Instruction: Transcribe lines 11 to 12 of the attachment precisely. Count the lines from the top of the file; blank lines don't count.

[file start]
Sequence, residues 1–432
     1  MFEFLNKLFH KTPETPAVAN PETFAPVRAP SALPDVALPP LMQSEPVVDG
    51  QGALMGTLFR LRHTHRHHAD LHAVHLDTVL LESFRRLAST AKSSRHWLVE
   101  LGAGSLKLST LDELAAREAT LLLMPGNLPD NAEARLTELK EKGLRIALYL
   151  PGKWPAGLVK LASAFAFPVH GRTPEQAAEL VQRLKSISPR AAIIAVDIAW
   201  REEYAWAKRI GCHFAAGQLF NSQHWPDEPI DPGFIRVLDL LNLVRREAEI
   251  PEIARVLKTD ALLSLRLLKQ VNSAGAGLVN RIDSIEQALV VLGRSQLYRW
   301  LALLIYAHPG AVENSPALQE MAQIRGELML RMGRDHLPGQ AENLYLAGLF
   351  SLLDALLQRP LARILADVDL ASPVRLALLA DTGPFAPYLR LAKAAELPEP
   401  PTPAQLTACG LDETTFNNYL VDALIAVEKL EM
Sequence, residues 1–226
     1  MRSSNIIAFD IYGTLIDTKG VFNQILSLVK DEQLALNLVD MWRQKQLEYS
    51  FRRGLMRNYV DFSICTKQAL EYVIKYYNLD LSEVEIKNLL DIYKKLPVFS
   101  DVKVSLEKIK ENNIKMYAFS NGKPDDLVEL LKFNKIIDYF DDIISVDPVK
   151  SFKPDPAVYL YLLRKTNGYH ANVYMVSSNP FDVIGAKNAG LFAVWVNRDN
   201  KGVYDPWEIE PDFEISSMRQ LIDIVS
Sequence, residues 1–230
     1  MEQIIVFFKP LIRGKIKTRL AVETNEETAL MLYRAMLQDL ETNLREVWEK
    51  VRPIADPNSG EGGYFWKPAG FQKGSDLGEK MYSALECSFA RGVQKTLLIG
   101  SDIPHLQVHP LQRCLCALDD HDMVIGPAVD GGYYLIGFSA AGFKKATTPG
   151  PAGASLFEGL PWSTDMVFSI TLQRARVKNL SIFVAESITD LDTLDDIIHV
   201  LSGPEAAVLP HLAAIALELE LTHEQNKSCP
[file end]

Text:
Sequence, residues 1–226
     1  MRSSNIIAFD IYGTLIDTKG VFNQILSLVK DEQLALNLVD MWRQKQLEYS